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Related legal case

Gary v.Sheahan

Gary v. Sheahan, 188 F.3d 891 (7th Cir. 08/19/1999)

[1] U.S. Court of Appeals, Seventh Circuit

[2] No. 99-8013

[4] August 19, 1999


[6] On Petition for Leave to Appeal from the United States District Court for the Northern District of Illinois, Eastern Division. No. 96 C 7294--David H. Coar, Judge.

[7] Before Easterbrook, Diane P. Wood, and Evans, Circuit Judges.

[8] The opinion of the court was delivered by: Easterbrook, Circuit Judge.

[9] Submitted July 2, 1999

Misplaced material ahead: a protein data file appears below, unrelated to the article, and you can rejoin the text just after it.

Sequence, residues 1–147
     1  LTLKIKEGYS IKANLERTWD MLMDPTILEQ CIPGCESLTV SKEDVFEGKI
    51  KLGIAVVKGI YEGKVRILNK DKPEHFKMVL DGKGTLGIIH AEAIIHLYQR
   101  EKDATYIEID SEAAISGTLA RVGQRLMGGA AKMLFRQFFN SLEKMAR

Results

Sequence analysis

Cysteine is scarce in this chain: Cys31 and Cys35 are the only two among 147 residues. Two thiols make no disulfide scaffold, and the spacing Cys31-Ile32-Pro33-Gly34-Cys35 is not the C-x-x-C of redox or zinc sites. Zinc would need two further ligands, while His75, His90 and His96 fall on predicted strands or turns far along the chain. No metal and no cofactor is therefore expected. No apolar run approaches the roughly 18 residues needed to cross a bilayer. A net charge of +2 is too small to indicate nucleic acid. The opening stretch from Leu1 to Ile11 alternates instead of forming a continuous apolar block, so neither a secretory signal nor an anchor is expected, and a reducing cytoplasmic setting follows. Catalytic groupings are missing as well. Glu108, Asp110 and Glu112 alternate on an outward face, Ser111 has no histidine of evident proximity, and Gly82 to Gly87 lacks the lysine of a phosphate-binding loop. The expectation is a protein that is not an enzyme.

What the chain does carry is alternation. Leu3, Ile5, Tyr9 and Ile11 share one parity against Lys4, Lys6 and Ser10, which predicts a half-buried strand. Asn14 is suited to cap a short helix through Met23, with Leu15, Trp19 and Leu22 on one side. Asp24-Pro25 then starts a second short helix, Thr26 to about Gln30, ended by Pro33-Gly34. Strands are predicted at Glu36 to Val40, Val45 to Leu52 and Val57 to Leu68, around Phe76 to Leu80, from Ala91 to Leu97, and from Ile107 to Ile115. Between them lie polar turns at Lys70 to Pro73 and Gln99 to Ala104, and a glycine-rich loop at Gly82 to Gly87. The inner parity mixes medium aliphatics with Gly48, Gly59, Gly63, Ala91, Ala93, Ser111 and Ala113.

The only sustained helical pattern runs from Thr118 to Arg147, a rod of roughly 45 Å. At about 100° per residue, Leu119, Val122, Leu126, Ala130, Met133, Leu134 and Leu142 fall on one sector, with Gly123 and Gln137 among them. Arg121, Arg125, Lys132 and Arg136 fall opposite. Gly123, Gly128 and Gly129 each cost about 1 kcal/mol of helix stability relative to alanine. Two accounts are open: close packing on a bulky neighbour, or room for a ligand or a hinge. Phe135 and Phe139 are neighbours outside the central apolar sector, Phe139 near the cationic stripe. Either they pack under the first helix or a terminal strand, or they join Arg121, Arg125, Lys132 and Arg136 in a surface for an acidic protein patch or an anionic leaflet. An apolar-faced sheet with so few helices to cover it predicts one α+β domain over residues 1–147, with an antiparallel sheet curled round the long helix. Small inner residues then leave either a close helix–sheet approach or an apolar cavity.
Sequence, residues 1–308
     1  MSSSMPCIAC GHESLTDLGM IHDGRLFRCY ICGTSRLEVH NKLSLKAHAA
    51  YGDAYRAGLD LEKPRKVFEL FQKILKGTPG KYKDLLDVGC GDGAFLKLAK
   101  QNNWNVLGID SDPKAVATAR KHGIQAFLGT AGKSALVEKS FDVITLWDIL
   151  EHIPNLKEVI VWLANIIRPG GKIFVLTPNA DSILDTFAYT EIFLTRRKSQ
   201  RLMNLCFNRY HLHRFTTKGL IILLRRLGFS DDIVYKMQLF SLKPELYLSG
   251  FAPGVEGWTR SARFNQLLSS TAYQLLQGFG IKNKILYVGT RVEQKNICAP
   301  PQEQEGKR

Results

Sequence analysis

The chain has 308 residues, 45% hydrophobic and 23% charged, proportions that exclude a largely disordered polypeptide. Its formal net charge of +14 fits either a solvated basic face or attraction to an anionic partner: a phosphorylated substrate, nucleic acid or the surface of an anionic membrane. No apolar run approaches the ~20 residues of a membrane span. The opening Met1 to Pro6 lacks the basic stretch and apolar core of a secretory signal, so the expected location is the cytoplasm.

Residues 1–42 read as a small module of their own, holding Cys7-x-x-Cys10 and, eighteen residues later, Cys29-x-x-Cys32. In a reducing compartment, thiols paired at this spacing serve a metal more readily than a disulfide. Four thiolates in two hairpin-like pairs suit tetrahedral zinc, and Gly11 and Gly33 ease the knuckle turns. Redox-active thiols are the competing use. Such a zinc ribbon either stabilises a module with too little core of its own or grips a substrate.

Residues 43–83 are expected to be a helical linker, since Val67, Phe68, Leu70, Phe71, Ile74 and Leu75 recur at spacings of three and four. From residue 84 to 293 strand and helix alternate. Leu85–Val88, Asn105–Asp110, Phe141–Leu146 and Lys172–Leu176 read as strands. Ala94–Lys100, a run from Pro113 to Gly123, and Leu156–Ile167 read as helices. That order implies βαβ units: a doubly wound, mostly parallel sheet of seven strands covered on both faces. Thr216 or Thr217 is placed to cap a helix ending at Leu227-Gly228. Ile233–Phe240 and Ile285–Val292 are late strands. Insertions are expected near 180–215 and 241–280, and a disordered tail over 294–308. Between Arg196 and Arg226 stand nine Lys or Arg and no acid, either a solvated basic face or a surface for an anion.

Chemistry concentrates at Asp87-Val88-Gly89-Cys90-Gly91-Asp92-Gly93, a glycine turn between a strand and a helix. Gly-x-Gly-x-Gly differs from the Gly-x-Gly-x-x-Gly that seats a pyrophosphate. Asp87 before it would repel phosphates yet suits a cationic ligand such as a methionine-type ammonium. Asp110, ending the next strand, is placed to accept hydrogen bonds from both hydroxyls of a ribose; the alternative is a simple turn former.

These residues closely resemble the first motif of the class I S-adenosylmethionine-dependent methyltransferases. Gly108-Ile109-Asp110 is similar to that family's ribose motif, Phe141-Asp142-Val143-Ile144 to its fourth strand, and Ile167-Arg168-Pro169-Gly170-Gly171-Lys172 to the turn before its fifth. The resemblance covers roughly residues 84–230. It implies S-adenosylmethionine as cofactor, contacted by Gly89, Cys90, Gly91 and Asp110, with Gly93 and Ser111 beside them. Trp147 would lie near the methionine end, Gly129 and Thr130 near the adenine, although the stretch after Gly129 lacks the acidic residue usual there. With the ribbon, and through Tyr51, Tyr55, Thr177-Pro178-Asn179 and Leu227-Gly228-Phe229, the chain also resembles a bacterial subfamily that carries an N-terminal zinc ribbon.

[10] As in Blair v. Equifax Check Services, Inc., No. 99-8006 (7th Cir. June 22, 1999), we have been asked to approve an interlocutory appeal under Fed. R. Civ. P. 23(f). See also 28 U.S.C. sec.1292(e); Fed. R. App. P. 5. And as in Blair, there is a preliminary question about appellate jurisdiction. Rule 23(f) authorizes us to "permit an appeal from an order of a district court granting or denying class action certification under this rule if application is made to it within ten days after entry of the order." Blair held an appeal may be filed either from the order itself or from the Disposition of a request for reconsideration filed within the time for appeal. Now we drop the other shoe: if the request for reconsideration is filed more than ten days after the order "granting or denying class action certification under this rule", then appeal must wait until the final judgment.